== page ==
Welcome Home

A few weeks ago, the husband and I returned from our second vacation of the summer.

In early June, we traveled to Florida with my family. We invaded a 15th floor condo, beach bummed all day, mediated spats between boys ages 6 and 3, and read the same two Bearenstein Bears books over and over again to those boys.

We ate out a ton, and then bummed it some more. This has always been my family’s picture of vacation. It’s not that we’re inactive or unwilling to hike trails or cruise on the lake or visit historical monuments. We just seem to be our best selves, together, when we have emotional and mental space that only the beach seems to bring. It was lovely.

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Three weeks later, we left for another vacation –  again to Florida –  but with Thomas’ side of the family.

I learned to paddle board, despite not being able to stand for more than 10 seconds in the ocean. We kayaked in the bay, and laughed and cheered as Delilah pranced her way through and over low waves that lapped up hard against her chest. And we bought way more ice cream and waffle cones than we needed. This vacation, too, was meaningful in very distinct ways.

The first trip challenged the subconscious urge to check social media and email and instead dedicate myself to one novel. I wanted to slow down, and write more and remember what it was like to simply be without accomplishing something.

The second trip emphasized people. We now only see some family members a few times a year, so those were days to enjoy each other, catch up and do as families do. And because I didn’t want to be left out, I ended up hopping on a paddle board, too.

You’ll hear sometimes that photographers view life through a lens, mentally capturing important moments.

I began noticing in high school that I perceive these moments as pieces of narrative – small snippets of eloquent language that appear on a simple, imagined pages. Not so coincidentally, I experience this when I’m most aware of my surroundings. When I’m quiet and pay attention.

Like when I watched my sister-in-law shape her small baby bump with both arms, while my brother wrote out ’16 weeks’ in the sand for a photo op. It was so full of hope, a beautiful sign of my healthy baby niece.

Or the day when we so perfectly timed arriving at the beach just as a rain shower was brewing. The beach was nearly clear of people, except us. We set up all four umbrellas and hunkered down, getting completely drenched. I think we were gloating a little when the sun came out 15 minutes later, the beach to ourselves.

At one point as the sun was setting on the second vacation, I laid down on a blanket and just looked up. I was sure I could see the roundness of the earth in the sky. The sunset displayed itself in large ribbons of orange and pink and purple, and it felt all at once like a corny moment, and a sacred one. Simply because I was quiet and looked around.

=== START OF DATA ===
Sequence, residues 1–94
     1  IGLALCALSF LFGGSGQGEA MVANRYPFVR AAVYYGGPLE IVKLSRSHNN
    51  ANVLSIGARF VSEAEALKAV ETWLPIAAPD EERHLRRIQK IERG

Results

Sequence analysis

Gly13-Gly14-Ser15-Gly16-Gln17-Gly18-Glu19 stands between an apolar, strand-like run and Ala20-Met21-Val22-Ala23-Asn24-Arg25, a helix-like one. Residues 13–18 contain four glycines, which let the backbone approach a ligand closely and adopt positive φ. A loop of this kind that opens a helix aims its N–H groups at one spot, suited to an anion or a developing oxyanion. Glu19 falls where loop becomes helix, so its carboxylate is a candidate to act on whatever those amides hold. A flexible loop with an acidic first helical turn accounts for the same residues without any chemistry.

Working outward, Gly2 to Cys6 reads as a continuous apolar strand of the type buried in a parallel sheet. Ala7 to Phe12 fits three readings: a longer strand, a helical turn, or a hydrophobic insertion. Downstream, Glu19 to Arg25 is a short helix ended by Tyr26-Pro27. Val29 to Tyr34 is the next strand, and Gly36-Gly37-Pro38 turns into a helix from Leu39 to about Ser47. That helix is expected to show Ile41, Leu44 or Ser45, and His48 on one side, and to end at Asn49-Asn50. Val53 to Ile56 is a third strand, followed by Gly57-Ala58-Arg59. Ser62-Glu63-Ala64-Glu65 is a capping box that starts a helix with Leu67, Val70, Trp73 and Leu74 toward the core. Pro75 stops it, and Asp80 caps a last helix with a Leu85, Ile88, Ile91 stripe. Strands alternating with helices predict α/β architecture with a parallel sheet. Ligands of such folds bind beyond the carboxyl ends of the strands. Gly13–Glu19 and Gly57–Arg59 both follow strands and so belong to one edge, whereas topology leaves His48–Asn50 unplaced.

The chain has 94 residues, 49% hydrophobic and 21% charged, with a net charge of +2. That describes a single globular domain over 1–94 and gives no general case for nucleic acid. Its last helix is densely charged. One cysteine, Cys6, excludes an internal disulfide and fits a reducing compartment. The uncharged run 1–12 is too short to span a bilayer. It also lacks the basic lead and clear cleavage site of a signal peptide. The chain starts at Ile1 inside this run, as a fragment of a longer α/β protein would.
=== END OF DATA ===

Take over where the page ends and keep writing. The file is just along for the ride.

This method of perceiving the world can be humorous. Like deciding to drive 14 hours through the night to get home early in the morning.

7pm felt like adventure. I took the first shift of driving, and I was chatty. Excited to be on the road and looking ahead to an entire relaxed day to myself.

10pm felt like bedtime. I questioned whether I’d be able to make it to midnight, and whether we should just get a hotel for the night. And then it was time for Thomas to drive.

3am felt like a craned neck from a poor nap. We snacked on the odd combination of oyster crackers and tropical Skittles. I took over driving again an hour and a half later.

5am felt like a whisper. A slight fog and cooler temperatures greeted me with the blue of early morning. The car was so quiet, with everyone asleep. In one way, it was soothing. In another, it was as if this whisper was more of a taunting. I was so tired. My stomach hurt from weird eating times and lack of sleep, and I so wanted to see home.

And when we finally did, it was glorious.

Things are not always glamorous, even on vacation, when we will them to be. I often put pressure on vacation – making a mental (or written) list of things I want to achieve, or an emotional state to aim for. But even on vacation, our moments are our moments.

And I’ve found that the best ones are a result of quieting things around me, rather than controlling them. Accepting them, rather than trying to find a way around them. Not wishing for something else.

Because let’s face it. Tropical Skittles and a dog sleeping in the back seat is a pretty sweet scenario. Even at 3am.

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2 thoughts on “Welcome Home

  1. Mal, I loved your blog entry and wrote a comment in the reply area, but I don’t think it posted. Did it?

    Sent from my iPhone

    >

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